Sponsored By

WTC teaches engineering lesson about rescue robot

DN Staff

September 9, 2002

4 Min Read
WTC teaches engineering lesson about rescue robot

If it's true that every cloud has a silver lining, a derivative of the Oklahoma City bombing may be that it prompted development of robotics in search-and-rescue missions.


The micro VGTV is shown here in its high position and its low position. It adjusts its geometry, turns on a dime, and has retrieved life-saving data for a number of hazardous applications, including the World Trade Center.

So by Sept. 11, there were already several companies-Inuktun Services Ltd. (Nanaimo, BC, Canada), Foster-Miller, Inc. (Waltham, MA), iRobot (Somerville, MA)-working on search-and-rescue robots, whose engineers picked up whatever they had and headed to New York City in a hurry. Likewise, they learned many lessons at the World Trade Center (WTC) site, one of which is the importance of adaptability.

Remote inspection and observation are often the most difficult tasks for robots to perform. Most do not adapt to height variations, turning ratios, or traction requirements. The Micro Variable Geometry Tracked Vehicle (microVGTV) manufactured by Inuktun is an exception.

The microVGTV alters its shape during operation. The tracks, in their lowest configuration, are shaped like conventional crawler treads. When raised to their highest geometry, the tracks are shaped like a triangle, maintaining unit stability and ruggedness.

Controlled with a hand-held joystick for speed and direction, and separate controls for the raise/lower, camera tilt, focus, and light functions, the microVGTV remains fully operational throughout shape alterations. As a result, the unit continues to travel, maneuver, and collect data during configuration changes.

The microVGTV is unique based on its design, as well as its uses. The vehicle is not wireless, but gets its power and instructions through a 100-ft cable. The complete system is easily transported and managed by a single operator.

It runs at a maximum speed of 15+ ft/min, whether at its lowered configuration of 12.5-inch long x 6.5-inch wide x 2.5-inch high, or its raised configuration of 7.5-inch long x 6.5-inch wide x 10-inch high. On board the robot are a video camera, audio equipment, and heat detectors.

Making this equipment suitable for the application at Ground Zero required modification so that rescue workers could carry the controller, cable, and vehicle in their hands and on their backs while climbing over the wreckage during the search for bodies. That demanded special battery packs, additional equipment, and the cooperation of many people to rush the orders and shipments through.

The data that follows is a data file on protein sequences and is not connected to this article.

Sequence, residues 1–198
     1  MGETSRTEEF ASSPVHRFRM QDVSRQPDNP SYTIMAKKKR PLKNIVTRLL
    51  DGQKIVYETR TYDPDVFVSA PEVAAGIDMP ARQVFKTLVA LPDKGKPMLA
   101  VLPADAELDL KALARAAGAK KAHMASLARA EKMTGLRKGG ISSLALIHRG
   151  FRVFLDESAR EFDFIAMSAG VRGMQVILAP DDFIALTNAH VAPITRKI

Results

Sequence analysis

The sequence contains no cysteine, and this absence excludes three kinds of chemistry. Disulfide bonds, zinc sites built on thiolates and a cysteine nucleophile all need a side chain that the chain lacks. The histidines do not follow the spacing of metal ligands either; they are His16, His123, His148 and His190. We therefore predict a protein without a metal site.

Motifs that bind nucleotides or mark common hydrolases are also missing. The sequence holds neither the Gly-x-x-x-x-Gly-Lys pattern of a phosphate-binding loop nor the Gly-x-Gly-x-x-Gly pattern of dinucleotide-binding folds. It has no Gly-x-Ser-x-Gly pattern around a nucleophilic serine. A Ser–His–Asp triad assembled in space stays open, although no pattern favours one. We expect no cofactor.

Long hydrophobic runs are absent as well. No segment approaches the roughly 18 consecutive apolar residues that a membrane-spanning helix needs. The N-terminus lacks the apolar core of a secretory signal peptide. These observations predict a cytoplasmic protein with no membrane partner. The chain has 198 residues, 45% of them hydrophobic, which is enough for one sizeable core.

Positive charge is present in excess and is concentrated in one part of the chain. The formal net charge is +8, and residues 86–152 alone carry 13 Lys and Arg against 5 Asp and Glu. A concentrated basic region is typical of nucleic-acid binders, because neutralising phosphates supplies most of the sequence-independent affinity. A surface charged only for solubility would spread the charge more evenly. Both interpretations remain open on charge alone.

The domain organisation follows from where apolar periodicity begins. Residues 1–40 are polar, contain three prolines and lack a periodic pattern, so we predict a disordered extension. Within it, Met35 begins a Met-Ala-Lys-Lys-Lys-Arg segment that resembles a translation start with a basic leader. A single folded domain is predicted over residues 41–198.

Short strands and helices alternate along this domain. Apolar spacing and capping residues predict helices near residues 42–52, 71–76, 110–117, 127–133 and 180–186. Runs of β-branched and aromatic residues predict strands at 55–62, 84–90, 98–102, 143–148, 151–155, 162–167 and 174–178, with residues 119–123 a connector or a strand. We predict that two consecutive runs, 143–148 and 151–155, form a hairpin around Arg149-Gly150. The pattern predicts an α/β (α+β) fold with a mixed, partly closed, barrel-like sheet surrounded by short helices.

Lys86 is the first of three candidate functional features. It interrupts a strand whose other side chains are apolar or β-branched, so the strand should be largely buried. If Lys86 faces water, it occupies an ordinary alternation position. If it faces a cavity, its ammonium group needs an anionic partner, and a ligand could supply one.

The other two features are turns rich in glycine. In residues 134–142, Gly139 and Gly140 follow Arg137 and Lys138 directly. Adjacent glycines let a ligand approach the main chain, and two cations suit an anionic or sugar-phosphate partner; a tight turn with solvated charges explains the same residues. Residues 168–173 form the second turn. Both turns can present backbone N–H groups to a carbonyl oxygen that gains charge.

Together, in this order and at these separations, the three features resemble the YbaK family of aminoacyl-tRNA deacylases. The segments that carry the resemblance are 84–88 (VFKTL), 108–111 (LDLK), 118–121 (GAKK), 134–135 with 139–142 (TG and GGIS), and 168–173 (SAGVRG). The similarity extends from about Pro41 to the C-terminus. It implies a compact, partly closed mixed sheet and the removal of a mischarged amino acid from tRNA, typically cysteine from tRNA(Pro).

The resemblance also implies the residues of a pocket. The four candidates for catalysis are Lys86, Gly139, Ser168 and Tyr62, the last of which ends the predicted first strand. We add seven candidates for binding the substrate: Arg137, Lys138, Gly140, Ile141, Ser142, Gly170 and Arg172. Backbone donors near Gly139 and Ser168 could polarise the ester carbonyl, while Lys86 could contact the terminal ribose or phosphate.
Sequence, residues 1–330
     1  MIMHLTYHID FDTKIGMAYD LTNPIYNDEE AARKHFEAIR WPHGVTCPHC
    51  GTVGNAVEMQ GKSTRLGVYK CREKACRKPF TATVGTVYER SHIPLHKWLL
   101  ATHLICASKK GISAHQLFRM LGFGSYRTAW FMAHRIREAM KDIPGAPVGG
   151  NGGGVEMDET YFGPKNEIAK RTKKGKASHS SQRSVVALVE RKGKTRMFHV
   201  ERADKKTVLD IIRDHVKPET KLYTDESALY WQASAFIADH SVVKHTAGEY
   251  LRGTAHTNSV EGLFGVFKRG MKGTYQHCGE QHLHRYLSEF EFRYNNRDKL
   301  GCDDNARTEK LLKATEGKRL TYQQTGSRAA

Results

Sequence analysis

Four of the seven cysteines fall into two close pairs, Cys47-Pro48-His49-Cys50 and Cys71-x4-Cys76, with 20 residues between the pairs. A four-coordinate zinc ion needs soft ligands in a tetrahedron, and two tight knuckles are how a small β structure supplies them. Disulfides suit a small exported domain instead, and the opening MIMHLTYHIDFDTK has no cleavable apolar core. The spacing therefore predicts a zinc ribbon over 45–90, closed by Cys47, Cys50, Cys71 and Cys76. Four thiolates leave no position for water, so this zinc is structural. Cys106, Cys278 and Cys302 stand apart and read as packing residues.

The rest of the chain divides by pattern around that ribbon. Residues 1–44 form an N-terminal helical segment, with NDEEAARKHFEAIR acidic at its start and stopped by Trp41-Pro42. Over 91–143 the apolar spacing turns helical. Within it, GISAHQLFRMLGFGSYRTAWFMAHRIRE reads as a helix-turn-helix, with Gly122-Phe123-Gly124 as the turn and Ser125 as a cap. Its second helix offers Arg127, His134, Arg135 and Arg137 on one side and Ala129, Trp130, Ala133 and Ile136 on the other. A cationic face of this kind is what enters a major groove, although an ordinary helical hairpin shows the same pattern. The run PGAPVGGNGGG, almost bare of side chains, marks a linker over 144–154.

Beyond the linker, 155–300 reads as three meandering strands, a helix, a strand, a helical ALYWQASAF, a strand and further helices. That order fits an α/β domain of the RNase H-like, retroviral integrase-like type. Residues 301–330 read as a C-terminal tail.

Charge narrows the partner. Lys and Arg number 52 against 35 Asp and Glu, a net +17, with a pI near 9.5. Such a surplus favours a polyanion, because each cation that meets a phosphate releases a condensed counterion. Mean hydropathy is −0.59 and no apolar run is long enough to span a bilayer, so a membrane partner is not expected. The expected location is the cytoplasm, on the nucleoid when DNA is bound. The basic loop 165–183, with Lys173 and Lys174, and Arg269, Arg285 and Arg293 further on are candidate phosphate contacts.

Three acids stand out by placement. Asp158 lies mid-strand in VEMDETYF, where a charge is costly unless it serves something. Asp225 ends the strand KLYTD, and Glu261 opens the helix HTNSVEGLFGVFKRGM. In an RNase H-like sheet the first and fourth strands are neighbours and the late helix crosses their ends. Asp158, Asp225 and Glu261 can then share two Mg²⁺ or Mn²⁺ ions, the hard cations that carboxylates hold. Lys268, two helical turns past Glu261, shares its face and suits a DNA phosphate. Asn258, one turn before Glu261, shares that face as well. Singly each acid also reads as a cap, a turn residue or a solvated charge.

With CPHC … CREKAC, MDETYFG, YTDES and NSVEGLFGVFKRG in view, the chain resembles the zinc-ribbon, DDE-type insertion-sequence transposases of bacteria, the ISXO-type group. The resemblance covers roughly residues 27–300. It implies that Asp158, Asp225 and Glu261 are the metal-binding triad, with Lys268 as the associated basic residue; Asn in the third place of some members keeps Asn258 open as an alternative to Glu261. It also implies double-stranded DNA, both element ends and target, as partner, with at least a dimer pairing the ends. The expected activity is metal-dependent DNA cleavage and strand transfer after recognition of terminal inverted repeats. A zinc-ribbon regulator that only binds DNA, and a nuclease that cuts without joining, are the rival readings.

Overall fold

An important feature of the microVGTV design is its five drive motors. Two motors drive the tracks, one raises and lowers the VGTV during geometric profile changes, and two perform camera tilt and focus control. Maxon motors were designed into the latest vehicle models.

"The motors provided almost twice the torque we spec'd in," says Paul Prunianu, a mechanical engineer at Inuktun. He indicates that the additional torque comes in handy when adding capabilities to the system such as lasers, increased track weight (for traction), and small load-carrying capabilities used with some third party sensors.

Independently controlled to provide increased turning capabilities, the A-max 22 mm motors and GP022A 690:1 gearbox drive the tracks. That makes them suitable for exploring the WTC as well as inspecting pipelines, nuclear power plants, and crawl spaces.

Although performance was Inuktun's primary reason for incorporating the Maxon motors, a close second was the "compact dimensions the motors offered for the corresponding power they packed," says Prunianu. The compact size of the A-max 12-mm motors used for the camera tilt and focus is a case in point. At 12 mm, these brushed motors provide a maximum continuous torque of 0.996 mNm.

Another challenge in the design was to keep the weight distribution properly controlled as vehicle geometry changed. Placing electrical and electronic components, including the raise/lower motor on a center-mounted chassis, was the key.

As the chassis raises and lowers, it shifts the system's center of gravity to keep weight distribution low, which prevents the robot from tipping when in a raised position, and stabilizes weight distribution over its tracks. A Maxon A-max 22, 22-mm motor is combined with a Maxon planetary gearhead model GP 22 A with 128:1 ratio to provide smooth, controlled operation of the geometric shape-changing function.

For track drive motors, the larger units incorporate Maxon's RE035, 90w motors and GP032 gearbox. The high-end RE motors are specially designed using rare earth, neodymium magnets. These magnets are the key elements in providing the motors with maximum power per volume.

When asked for additional equipment for use by the urban search-and-rescue units, Inuktun provided three additional systems assembled and appropriately modified to suit the needs of the teams, in 24 hours time. The equipment was instrumental in locating the bodies of at least five people.

For more information about motors from Maxon Precision Motors: Enter 533

Sign up for the Design News Daily newsletter.

You May Also Like